Millions of people travel through U.S. international airports each year for tourism, visiting relatives, business, and other reasons.  Yet, when traveling, many of these people experience trouble or hostility when entering America.  A high percentage of these people are foreigners — some of them tourists, others immigrants.  Foreigners are often treated differently and with suspicion when going through airport customs and immigration.  This issue is called Discriminatory Immigration, and many people, such as those interviewed in this article, have come forward to share their experience. I have a unique, personal perspective on this because one of my parents is a U.S. citizen, but the other is a legal resident (green card holder).  My experience through customs and immigration varies tremendously depending on which parent I go through immigration with (I have the option to go through either line because I currently have dual citizenship).  But why should this be the case?

Image Citation: Wikimedia Commons

At customs, there are two lines: one for U.S. citizens, and another for aliens, or those who do not have American citizenship.  At the head of the “alien” line is a cold, demeaning officer.  The official often asks harsh questions, assumes that everyone can speak English fluently, and never smiles.  But at the head of the American line, the officer will most likely address you with a ‘ma’am’ or ‘sir’, ask how you are doing, and let you pass without any trouble.  The officers for those lines are not  necessarily warm, but they are certainly more friendly than the officers for the “alien” line.  Those entering or re-entering without American citizenship are more likely to be held up for extra questioning or inspection as well.   Of course, sometimes there are safety and security reasons why officials legitimately stop people to check them over more thoroughly, but there is also the assumption that foreigners pose a threat to America, as cited in this article.  I realize that all countries probably show more respect to their own citizens than to non-citizens, but the difference should not be as drastic as I have experienced it to be.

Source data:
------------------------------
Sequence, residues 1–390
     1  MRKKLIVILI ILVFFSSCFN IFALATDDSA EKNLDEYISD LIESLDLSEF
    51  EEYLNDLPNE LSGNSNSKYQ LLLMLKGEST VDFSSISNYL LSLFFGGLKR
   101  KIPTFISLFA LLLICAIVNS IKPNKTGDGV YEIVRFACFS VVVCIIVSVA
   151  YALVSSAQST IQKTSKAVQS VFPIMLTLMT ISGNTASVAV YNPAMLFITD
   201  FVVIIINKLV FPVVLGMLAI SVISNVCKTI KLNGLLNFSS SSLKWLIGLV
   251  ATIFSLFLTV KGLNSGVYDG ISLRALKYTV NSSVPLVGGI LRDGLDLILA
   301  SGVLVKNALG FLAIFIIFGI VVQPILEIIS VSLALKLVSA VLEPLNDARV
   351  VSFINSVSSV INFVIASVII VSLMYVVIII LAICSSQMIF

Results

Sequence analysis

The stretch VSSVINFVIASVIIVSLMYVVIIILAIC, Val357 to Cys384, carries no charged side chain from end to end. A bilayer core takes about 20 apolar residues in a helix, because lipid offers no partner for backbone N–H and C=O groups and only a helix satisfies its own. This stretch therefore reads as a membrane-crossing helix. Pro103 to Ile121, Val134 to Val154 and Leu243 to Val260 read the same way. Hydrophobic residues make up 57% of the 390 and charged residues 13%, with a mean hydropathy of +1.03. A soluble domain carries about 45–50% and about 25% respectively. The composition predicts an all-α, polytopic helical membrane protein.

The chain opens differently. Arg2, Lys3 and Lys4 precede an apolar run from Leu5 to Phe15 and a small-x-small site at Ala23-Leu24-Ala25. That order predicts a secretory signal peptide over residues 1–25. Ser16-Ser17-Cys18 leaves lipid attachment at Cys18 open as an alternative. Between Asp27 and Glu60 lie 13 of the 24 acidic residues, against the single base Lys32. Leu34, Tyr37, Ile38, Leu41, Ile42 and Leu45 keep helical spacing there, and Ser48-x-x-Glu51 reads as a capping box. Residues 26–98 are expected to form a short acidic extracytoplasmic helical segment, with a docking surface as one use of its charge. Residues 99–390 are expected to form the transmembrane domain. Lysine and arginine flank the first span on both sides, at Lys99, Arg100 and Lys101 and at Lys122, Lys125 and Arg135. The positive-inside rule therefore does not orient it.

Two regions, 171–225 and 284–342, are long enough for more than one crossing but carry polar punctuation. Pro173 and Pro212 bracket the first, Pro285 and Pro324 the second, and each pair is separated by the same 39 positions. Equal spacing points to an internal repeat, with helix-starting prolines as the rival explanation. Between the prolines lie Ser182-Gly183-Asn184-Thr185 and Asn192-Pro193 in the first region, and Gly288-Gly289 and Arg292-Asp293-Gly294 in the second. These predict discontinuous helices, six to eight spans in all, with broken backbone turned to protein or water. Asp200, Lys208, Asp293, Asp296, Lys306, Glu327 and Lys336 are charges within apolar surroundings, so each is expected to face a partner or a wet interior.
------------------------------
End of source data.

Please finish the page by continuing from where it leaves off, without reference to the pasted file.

1. Sarah 4 years ago

    Naomi, this post is personal, effective, and strong. I admire that you decided to write about your personal experience that ties into the problem of discriminatory immigration. I am currently writing a research paper on bias in immigration and reading this article really helped. This helps me prove a point, and I would love if I could use your post as a source. Great article.

  2. Asha 4 years ago

    This topic is really interesting, and I never knew about the “alien” line (I’ve never been on a plane before). I can understand why people could be frightened letting others into our country because of our past experiences, but I don’t feel like that’s a good reason to treat people with disrespect. How can we change this? Will the US ever be excepting of other people? It seems like this is a common issue.

  3. Cami 4 years ago

    Hi Naomi, I love this piece and what makes it even better is that you have experienced it first-hand. I wasn’t aware of the difference because I’ve never had to experience it, so thank you for enlightening me. This issue is very sad and frustrating. What do you think can be done to change the way that US citizens and customs view immigrants/foreigners?

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